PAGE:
Woodwind Quintent aboard HMS St Albans

Woodwind Quintent aboard HMS St Albans

Following this the woodwind quintet climbed aboard HMS St Albans as we were playing for a reception party. We were very lucky and got a tour around the ship, which involved lots of small spaces and steep steps/ladders. The quintet played very well, however we were out on deck and it was very windy. At one point my music folder was whipped off the stand and was almost lost at sea!

Back on dry land

The next day we travelled to Hannover to play at a big city event outside the city hall. We played alongside 5 Rifles Bugle Platoon and The Royal Regiment of Scotland Pipes and Drums. The following day was a nice change as it was a Sounding Retreat on JHQ camp, so we got a lie in and didn’t have to travel anywhere. But this was short lived as the day after we were back on a coach to Hameln for a Sounding Retreat and then Munster for The Prince of Wales’s Own Yorkshire Regiment and The Royal Ghurkha Rifles medals parade.

The Prince of Wales’ Own Yorkshire Regiment and The Royal Ghurkha Rifles medals parade

The Prince of Wales’ Own Yorkshire Regiment and The Royal Ghurkha Rifles medals parade

When we got back to JHQ there was a big families day event in the Garrison. The band did a ‘retreat’ with some added static music to entertain the crowds. That evening there was a big stage with various acts on so we stuck around and joined in with the party atmosphere. We then spent a day travelling to Berlin to play in a tiny back garden. It was the smallest venue I’ve ever done a retreat in, with so many counter marches and little steps that it felt like we were hardly moving.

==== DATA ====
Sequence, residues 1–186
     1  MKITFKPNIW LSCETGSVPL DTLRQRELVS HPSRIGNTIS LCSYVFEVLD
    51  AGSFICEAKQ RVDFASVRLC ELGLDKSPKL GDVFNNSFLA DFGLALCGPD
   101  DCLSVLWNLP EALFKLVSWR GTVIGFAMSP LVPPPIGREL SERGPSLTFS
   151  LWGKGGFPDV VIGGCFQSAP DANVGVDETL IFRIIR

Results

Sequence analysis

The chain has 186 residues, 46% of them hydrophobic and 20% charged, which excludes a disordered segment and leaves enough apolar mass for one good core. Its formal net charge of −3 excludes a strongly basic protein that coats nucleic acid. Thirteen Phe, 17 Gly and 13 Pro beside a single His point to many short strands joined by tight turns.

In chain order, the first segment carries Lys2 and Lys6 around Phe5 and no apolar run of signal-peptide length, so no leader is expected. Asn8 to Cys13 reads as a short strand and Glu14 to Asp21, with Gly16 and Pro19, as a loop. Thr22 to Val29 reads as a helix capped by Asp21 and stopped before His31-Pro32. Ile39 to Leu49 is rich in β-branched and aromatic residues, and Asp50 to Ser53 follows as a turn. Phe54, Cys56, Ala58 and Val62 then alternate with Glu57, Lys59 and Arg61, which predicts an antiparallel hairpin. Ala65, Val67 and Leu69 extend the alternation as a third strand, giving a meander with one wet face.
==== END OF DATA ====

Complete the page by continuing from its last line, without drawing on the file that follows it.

Once back at JHQ we did a parade for 1 Military Intelligence Battalion as they are going to be moving to another camp in Germany. They had events going on all day so we also had a few small groups playing for them as well as a ‘Sounding Retreat ‘in the evening.

The ‘Double Past’

Our last job was a medals parade for 5 Rifles. It was a very good parade, with the best double past I’ve ever seen! The Double Past involves the troops marching at 140 beats per minute. The inspecting officer was the HRH The Countess of Wessex, the Colonel in Chief of 5 Rifles. She is also the Colonel in Chief of the Corps of Army Music. A few of us got picked to meet her after the job, and although she was very busy she tried to talk to everyone.

This was the end of our Germany tour; however we still had the issue of getting home. This wasn’t as easy as expected, first the coach wouldn’t start as the battery was flat and then we missed the Eurostar with the next train 4 hours later. We eventually got home the next morning, tired and ready for some sleep, but it was an enjoyable trip.